Film Review: The Day the Earth Stood Still
EmptyThe original 1951 "The Day the Earth Stood Still," which portrayed an ominous alien visitation, tapped into American fears of UFOs and Cold War tensions.
Nowadays, we have more to fear from CEOs and market stress, so a remake of the sci-fi classic does not seem like the brightest idea coming from Fox studio execs. The new alien invasion is dressed up in a contemporary green theme, yet the message gets delivered in a gimmicky, dated story. It's like trying to download your iPod into a gramophone. Despite the best efforts of stars Keanu Reeves and Jennifer Connelly, this new "Day" is tired and corny.
Fox's marketing has been strong, especially its TV spots, and Imax runs will only bring in more audiences, so the film could achieve potent boxoffice figures despite the anemic filmmaking.
"Day" was one of the first of those "Take me to your leader" movies where an alien spacecraft lands and a human-looking representative of an alien civilization steps out and asks to speak to world authorities. In both the original and new versions, an overeager soldier fires a bullet at the alien, which in turn engages Gort, a giant robotic bodyguard that can disengage or destroy any weapon system and eliminate all human threats.
The wounded alien (Reeves) is transferred to a medical facility where he encounters astrobiologist Helen (Connelly), the only friendly face among the humans. Escaping with ease because of his ability to disable and stun, he moves into the human population, where he again meets up with Helen, an Iraq War widow locked in a tenuous relationship with her very young stepson in dreadlocks (Jaden Smith).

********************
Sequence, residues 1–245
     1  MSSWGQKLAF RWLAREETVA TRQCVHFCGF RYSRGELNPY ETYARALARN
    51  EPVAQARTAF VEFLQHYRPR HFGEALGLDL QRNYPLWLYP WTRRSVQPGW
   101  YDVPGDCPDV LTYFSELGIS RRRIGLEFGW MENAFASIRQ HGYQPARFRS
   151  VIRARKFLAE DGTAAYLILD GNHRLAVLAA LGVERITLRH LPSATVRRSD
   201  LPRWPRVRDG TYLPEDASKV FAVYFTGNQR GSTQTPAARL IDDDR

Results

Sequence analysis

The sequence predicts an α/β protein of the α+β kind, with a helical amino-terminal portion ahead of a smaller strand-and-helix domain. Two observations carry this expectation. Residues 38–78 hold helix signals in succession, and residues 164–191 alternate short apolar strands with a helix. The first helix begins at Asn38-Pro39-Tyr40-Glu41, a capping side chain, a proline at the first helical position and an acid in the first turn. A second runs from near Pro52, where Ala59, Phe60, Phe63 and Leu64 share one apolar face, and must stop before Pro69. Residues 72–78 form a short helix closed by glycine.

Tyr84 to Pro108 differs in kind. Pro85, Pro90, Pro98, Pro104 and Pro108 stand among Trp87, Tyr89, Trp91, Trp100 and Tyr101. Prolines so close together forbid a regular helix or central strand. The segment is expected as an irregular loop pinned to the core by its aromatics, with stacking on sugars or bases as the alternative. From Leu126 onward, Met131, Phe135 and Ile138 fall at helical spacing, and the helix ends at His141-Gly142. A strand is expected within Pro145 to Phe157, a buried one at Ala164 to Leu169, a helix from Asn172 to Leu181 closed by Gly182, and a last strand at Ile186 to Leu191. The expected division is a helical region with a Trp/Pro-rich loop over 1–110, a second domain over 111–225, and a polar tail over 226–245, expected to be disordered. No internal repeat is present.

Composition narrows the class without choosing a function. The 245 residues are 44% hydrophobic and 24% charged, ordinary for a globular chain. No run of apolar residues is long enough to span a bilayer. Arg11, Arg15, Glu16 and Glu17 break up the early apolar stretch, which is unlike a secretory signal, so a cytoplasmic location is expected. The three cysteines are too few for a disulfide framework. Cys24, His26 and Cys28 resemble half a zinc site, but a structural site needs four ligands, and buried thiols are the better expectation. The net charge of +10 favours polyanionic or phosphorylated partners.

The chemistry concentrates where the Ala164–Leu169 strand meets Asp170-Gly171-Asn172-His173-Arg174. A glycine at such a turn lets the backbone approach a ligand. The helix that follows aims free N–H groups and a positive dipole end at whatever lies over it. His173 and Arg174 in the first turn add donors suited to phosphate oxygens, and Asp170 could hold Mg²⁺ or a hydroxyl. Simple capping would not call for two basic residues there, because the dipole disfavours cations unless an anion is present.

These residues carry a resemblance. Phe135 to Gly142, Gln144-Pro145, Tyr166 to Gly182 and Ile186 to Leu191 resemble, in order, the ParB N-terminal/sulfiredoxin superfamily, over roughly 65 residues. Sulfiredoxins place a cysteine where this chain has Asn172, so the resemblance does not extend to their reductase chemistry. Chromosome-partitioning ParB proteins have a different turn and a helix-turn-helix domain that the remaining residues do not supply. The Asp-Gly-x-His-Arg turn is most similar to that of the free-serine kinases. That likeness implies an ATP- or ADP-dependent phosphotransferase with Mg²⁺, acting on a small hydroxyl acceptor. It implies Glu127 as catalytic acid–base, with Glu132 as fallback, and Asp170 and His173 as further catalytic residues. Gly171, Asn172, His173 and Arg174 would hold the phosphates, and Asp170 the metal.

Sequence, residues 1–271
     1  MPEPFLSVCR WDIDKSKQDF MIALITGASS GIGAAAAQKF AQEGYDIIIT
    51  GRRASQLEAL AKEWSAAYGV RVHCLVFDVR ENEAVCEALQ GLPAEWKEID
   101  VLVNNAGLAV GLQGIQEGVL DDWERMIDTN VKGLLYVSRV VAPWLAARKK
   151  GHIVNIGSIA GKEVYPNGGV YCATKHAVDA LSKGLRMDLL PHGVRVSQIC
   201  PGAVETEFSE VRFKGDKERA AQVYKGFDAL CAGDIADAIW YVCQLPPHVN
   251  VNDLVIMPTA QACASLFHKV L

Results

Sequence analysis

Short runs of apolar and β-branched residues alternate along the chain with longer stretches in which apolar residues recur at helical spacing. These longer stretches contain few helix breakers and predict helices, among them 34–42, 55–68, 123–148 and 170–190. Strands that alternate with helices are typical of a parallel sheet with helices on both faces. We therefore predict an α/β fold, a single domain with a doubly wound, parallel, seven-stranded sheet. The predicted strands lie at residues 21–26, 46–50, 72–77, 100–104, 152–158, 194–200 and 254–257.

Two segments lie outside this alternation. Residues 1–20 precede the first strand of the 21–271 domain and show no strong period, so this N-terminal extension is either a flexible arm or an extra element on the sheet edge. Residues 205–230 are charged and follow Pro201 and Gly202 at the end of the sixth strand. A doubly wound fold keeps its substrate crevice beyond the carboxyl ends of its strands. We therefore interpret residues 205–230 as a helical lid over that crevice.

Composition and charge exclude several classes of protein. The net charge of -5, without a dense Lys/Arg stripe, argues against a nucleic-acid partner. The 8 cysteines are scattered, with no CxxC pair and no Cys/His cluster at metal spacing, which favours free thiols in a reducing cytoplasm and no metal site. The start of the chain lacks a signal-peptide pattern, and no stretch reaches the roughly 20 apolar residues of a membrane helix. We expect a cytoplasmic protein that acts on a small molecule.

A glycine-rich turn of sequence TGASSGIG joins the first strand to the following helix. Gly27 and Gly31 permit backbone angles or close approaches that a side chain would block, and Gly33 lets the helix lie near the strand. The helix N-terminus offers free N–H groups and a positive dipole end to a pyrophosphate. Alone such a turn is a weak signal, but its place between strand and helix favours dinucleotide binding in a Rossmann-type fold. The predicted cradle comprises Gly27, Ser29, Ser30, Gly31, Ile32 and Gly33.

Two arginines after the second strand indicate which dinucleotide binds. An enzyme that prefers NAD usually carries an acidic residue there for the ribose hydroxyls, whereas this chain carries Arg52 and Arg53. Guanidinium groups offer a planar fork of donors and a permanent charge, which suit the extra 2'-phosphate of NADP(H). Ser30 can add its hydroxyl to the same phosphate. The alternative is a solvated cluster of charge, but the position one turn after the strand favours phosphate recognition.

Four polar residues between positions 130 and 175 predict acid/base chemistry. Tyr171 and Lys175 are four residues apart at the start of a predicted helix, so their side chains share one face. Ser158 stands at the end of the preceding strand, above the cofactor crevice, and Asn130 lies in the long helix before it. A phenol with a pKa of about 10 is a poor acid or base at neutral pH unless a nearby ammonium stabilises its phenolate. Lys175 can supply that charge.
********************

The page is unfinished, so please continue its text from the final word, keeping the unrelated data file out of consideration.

It soon becomes clear that the alien, who calls himself Klaatu, has come to "save Earth," meaning to eliminate the polluting, destructive, exploiting rulers who abuse it. So while some of the dramatic tension comes from the manhunt headed by Secretary of Defense Regina Jackson (Kathy Bates) to locate Klaatu, the thrust of the narrative comes from Helen's attempts to persuade Klaatu not to exterminate humankind.
Frankly, she makes a poor case. Helen and her stepson fight constantly. Human authority's only response to Klaatu is to kill him. Famine, riots and war span the globe. But Helen does introduce him to Professor Barnhardt (John Cleese), a wise physicist who won a Nobel Prize for "biological altruism." (Wonder what Monty Python would have done with that phrase?) The scientist says mankind deserves a second chance because humans perform best when faced with a dire crisis.
Do you buy that? Well, Klaatu does. He also gleans a sense of human affection and empathy in the intimate dynamics between Helen and her boy. Now all he has to do is call back the billowing swarms of earth-scorching metallic locusts getting released from spaceships around the world.
The film, directed by Scott Derrickson ("The Exorcism of Emily Rose") from David Scarpa's adaptation of the original screenplay, lacks big set pieces or the kind of action that drives most science fiction. People talk a lot, and soldiers rush here and there in trucks, planes and helicopters. But the story could have been knocked off in an hourlong episode of "The Twilight Zone."
But Derrickson and his team do achieve a proper sci-fi look. Landscapes take on a strange, otherworldly dimension, and most scenes take place at night or in claustrophobic quarters, thus heightening tension. Larger scenes are filled machinery and people with anxious faces. Effects surrounding Gort have comic-book shock and awe. However, the best science fiction has always been about innovative ideas and challenging issues. In this regard, the updated "The Day the Earth Stood Still" falls far short of the original.